Things like how to mute the beast and how to hold our bass with out wrist pain, etc. would come first in my book. But, I love to know what and why I'm doing things and it is here that theory knowledge is something I like to dig into. There are some good posts in the getting started sticky, I suggest that as a starting place on your theory journey. How to get started? Post number 4, 6 and 14 touch on what notes are in the scales and where they are on our fret board. There is a wealth of knowledge in the entire string and will be time well spent.

    Good luck.
     
    Last edited: Apr 28, 2018
  5. JTE

    JTE Gold Supporting Member

    Mar 12, 2008
    Central Illinois, USA
    Memorize these thinga:
    W W H W W W H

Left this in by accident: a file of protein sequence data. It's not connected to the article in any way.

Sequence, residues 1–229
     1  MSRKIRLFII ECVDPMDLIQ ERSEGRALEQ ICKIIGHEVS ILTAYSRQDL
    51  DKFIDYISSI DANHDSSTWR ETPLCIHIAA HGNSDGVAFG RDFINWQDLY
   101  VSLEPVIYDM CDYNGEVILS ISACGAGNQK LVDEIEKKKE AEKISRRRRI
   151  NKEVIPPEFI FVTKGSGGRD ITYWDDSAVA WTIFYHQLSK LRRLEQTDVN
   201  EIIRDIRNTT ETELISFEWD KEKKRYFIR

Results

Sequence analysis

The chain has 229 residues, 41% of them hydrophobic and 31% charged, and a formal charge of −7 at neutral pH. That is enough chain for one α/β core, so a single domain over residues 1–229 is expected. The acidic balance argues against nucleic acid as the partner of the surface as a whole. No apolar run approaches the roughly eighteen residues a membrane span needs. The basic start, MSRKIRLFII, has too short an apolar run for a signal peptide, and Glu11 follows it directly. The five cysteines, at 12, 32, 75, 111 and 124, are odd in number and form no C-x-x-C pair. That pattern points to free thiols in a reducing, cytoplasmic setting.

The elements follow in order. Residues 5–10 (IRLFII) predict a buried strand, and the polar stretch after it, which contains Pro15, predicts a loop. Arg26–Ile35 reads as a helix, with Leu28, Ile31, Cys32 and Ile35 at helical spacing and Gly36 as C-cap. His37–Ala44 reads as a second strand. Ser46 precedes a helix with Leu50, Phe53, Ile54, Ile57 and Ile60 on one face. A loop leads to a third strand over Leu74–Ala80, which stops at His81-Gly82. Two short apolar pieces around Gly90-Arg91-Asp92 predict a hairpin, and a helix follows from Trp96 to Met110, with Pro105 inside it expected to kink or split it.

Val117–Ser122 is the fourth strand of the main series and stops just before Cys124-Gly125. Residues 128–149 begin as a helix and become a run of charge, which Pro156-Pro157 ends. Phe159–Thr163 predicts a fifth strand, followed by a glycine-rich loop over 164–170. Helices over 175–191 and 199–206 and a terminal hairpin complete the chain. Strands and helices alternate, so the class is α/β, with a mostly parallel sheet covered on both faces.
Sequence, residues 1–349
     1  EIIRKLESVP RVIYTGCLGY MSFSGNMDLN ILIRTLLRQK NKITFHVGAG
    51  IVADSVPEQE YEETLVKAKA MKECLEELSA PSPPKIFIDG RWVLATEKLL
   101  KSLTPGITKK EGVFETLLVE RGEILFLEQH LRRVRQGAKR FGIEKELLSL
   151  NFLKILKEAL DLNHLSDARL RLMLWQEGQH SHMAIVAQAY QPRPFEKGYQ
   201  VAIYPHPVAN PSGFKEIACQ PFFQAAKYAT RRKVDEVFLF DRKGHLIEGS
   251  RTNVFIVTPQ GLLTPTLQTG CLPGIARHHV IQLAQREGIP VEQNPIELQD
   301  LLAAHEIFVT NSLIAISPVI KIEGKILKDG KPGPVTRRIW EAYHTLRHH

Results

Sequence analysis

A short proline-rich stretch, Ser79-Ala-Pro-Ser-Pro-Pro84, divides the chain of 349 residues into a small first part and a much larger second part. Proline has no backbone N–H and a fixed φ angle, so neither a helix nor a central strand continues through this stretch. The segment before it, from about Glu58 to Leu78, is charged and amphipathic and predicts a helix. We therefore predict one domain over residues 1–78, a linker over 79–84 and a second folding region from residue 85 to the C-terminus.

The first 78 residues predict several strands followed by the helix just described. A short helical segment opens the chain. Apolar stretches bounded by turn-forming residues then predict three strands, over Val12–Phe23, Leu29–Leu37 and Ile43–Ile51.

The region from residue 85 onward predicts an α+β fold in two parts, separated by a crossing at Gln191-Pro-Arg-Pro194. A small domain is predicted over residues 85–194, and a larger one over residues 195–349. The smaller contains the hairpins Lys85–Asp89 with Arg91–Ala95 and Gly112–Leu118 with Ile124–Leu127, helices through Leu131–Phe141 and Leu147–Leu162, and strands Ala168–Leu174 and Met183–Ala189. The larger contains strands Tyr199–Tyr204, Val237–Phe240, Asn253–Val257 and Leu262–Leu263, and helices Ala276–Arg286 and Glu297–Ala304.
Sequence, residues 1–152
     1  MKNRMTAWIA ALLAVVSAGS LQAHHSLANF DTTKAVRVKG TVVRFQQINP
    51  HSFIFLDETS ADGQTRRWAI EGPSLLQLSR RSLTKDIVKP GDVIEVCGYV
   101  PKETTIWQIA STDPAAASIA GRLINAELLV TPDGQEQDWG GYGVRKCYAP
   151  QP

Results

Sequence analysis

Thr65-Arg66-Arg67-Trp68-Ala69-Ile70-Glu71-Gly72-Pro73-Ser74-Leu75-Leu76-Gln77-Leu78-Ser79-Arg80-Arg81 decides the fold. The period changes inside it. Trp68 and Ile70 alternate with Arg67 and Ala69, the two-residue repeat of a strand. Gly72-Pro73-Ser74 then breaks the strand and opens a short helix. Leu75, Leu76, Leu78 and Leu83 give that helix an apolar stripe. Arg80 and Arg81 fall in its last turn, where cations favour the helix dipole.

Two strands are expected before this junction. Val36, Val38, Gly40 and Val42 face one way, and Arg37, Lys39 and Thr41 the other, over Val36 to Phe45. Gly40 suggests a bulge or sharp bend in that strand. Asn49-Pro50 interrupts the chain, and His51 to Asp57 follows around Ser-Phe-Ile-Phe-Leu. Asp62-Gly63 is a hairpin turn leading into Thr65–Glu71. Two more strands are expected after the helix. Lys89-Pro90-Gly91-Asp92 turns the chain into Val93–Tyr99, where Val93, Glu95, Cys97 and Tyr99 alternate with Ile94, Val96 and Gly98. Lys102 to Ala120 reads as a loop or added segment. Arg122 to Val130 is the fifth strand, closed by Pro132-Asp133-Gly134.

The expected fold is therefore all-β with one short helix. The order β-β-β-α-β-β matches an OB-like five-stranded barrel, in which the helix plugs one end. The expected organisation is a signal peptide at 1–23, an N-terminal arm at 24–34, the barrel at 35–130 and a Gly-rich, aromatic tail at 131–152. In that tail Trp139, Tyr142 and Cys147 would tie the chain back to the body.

Key of C major has no sharps or flats
    Relative minor is the sixth of the relative major

    Then you can figure out all the notes in every major and natural minor, Different thought process than memorizing 28 different scales only to realize you left out harmonic minor, melodic minor major pentatonic, minor pentatonic, blues scale, and a plethora of other more esoteric scales.
     
  6. IamGroot

    IamGroot

    Jan 18, 2018
    1st ---> memorize the triads for the more the more common keys: caged, then f Bb Eb. You use this so often, might as well bite the bullet. The chord tones are simply adjustments to the triads...flat the 3rd for a minor, add a 7th, etc.
     
  7. Nickweissmusic

    Nickweissmusic Knows all intervals from one Fred, to Juan octave Commercial User

    Jan 26, 2014
    San Diego, CA
    I teach lessons and perform live music in and around San Diego CA. Sometimes I even make money doing it!
    Here’s a shortcut method I came up with to understand and eventually memorize keys well enough to get through music school, as a very ear-heavy, poor visual learner myself. It literally took memorizing 4 sequences of notes, and I could then derive any key in 10 seconds or less. As I did it more and more, it eventually became automatic.